M&C Saatchi’s Anish Daryani outlines how the month of Ramadan has changed this year and offers some key behavioural insights to help brands navigate.
The dark shadow of a pandemic engulfs this year’s Ramadan season, as people struggle to adapt to a new way of life at blinding pace. The rituals of the religious season, that haven’t changed for centuries, are now being challenged. This has led to consumers behaving in unfamiliar ways, and decisions being made based on previously unknown parameters. Small wonder, that businesses are at a loss with understanding these changes, let alone coping with them.
The team at M&C Saatchi Indonesia recently released a whitepaper called “An Unfamiliar Prayer” that highlights 10 behavioural insights and strategies for 10 categories, to help brands in Indonesia win in Ramadan 2020, despite the pandemic.
The report is a culmination of insights arising from a series of primary studies (behavioural observations and depth interviews), followed by secondary studies using data analytics, social listening, desk research and media resources from the Government of the Republic of Indonesia. It segments the Ramadan season into separate phases, with suggestions on when it might be best for these categories to be active.
And we have used each of these insights to create revenue-generating ideas for brands across 10 categories – FMCG, retail, fashion, HORECA (food service and hotel industries), fintech, e-commerce, travel, telecom, beauty and consumer electronics.
Though the study is Indonesia-centric, many of the learnings can be useful for other Islamic countries as well. The following behaviour changes are being observed during this year’s fasting month:
1) A different Ramadan: Importance of Ramadan in Indonesia cannot be overstated, with 30% of the country’s gross domestic product (GDP) being generated during the season. The impact of COVID-19 on business, economy, occupations, earnings and social psychology is paramount, as “rituals become virtual”.
2) Ramadan without mudik (mass exodus): Social restrictions, and a ban on mudik, has led to a new travel season, which travels businesses need to adapt to and benefit from. As people adopt means of creating virtual proximity using video calls, there will, in fact, be not one but two exoduses. First, as soon as travel restrictions are lifted. And secondly, in December 2020, as the Indonesian government has moved the Ramadan holidays to the end of the year.
3) Innovation in zakat (charity): As physical zakat ceases to be an option, new ways of doing zakat have emerged. There are also new emerging causes that people want to support, which fintech companies stand to gain from. Faith has found a way of “outsmarting” the pandemic.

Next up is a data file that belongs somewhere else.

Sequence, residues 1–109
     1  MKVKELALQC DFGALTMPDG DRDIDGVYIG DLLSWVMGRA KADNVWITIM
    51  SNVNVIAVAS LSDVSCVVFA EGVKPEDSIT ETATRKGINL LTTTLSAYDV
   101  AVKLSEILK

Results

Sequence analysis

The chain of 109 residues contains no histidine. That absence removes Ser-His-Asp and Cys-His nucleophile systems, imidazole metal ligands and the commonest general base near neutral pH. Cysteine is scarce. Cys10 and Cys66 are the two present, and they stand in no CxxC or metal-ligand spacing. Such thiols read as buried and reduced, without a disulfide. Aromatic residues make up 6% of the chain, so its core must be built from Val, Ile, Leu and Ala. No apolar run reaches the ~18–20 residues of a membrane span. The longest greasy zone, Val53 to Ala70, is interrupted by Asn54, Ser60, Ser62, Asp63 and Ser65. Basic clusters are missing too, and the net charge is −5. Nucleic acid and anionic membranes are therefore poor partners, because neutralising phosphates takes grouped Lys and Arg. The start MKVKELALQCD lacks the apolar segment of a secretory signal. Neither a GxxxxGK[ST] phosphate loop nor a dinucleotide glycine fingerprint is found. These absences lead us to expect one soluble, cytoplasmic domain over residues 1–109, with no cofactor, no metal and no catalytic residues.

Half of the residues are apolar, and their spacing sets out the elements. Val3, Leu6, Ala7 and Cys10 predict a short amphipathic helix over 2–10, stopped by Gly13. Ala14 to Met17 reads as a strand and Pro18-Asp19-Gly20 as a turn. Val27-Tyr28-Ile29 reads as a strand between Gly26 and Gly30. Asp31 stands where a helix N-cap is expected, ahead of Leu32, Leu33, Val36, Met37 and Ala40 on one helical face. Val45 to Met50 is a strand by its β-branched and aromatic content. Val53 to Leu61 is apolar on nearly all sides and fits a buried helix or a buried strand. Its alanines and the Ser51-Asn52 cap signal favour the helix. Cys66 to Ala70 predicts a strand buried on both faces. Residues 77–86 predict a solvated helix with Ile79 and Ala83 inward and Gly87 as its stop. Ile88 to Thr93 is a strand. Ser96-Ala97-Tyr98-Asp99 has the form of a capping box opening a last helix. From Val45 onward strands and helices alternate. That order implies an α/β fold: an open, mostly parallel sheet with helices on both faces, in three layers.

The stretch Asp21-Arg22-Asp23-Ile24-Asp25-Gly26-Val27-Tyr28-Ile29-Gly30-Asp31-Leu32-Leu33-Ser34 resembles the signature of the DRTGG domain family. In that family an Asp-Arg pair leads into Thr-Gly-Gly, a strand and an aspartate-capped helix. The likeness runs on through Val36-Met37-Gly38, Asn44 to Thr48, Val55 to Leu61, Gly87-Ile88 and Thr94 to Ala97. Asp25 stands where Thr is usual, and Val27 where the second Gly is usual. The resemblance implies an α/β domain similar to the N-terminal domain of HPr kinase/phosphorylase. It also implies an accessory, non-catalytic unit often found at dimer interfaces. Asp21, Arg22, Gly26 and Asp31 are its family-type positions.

4) Ramadan without Tunjangan Hari Raya (Eid Holiday Bonus): With many businesses facing adverse effects of the pandemic, there will be little or no festive bonus for people, further worsened by the impact of the loss of livelihood for many. People are now prioritising necessities. Less is more, as they seek value in non-material things like love, emotion and devotion.
5) Shalat (prayers) goes indoors: Restrictions on mass gatherings have led to a new trend of praying at home. “Home is the new masjid (mosque)” and people make changes to their abode to make it look and feel more like one.
6) Time becomes more valuable: Ramadan is a period where a lot of time gets wasted, with people wading through morning and afternoon traffic, planning for Iftar engagements and indulging in ngabuburit (activities are done while waiting for iftar, the breaking of fast). But being forced to stay home, this takes a whole new meaning with people making better use of their time, attending webinars and undertaking online courses. This is also an occasion for brands to connect and engage with them, as “time is invested, not wasted”.
7) Different shopper behaviours: Ramadan shopping has taken a whole new meaning, where social gifting has become an obligation. This reflects how online marketplaces come of age, and traditional retail has become omnichannel.
8) New gifting behaviours: As people can’t be physically present to greet their families, they are overcompensating by sending gifts. For the first time ever, healthcare brands have now come into the consideration set of preferred gifts. Ecommerce platforms and logistics companies have become enablers to help people meet this end.
9) New media habits: As people are forced to stay home, TV becomes the lead medium, as it plays in the background, all day long. However, people are watching TV passively. They are listening more intently instead. Hence, “TV is the new radio” and brands should adapt their communication assets to ensure the audio aspects of their TV commercials work harder.
10) New work habits: As people are working from home, they become more productive and efficient. The time saved helps them become creative, giving brands an opportunity to help them in being so.